No one knows how much brackish water lurks beneath the ground in New Mexico, but a number of water-strapped communities in New Mexico have begun looking at the possibility of using it.
    Alamogordo is in the midst of a desalination study, and officials in the San Juan Basin of northwest New Mexico, Colfax County in northern New Mexico and Lea County in southeast New Mexico all are considering desalination as part of their long-range water plans.
    But to turn brackish groundwater into water salvation, experts say, serious hurdles must be overcome:
  • Cost. Desalinated water is more expensive. El Paso Water Utilities estimates it costs more than three times as much as clean groundwater.
  • Waste. All the salt and other minerals taken out of the drinking water have to go somewhere.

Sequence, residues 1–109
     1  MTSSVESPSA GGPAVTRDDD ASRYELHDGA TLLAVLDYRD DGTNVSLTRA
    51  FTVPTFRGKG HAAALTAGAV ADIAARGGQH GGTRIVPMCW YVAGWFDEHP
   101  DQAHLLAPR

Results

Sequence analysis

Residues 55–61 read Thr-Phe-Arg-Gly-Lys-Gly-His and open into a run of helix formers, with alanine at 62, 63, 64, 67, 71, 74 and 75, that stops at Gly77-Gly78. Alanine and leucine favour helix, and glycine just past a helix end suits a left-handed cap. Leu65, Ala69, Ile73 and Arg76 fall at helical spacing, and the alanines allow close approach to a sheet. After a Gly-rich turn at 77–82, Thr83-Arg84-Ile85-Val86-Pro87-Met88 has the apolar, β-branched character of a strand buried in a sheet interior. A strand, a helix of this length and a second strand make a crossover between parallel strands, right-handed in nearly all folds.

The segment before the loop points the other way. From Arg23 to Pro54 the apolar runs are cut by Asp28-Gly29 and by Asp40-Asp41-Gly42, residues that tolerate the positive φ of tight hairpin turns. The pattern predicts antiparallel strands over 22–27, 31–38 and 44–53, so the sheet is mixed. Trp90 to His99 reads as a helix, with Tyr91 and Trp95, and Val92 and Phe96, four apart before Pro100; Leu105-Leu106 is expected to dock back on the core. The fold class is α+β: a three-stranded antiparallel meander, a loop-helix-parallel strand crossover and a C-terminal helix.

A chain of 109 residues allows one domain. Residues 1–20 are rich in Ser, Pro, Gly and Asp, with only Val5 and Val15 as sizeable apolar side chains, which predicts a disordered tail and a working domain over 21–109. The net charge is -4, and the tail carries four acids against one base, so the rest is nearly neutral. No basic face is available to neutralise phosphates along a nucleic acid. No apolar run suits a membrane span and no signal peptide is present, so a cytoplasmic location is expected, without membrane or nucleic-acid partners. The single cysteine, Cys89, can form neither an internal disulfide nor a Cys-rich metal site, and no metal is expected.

• Supply. Critics charge that a switch to relying on brackish groundwater merely repeats a mistake in the arid West— basing our water future on an unsustainable supply.
        "These salt brines are really old and are not being recharged," said Bruce Thomson, head of the University of New Mexico's Water Resources Program. "So maybe Rio Rancho will have a water supply for 100 years, during which time the community will grow to perhaps five times its current size. After that, they'll be out of water but with five times the current demand. Then what?"
    Snowpack and rain
        New Mexico's water supply comes in two basic types. Surface water generally begins as winter snowpack in the mountains or, to a lesser extent, rain. Groundwater is found beneath the ground in layers of rock, dirt and gravel. While some is recent, soaking down from the surface, most has been underground for thousands of years or longer.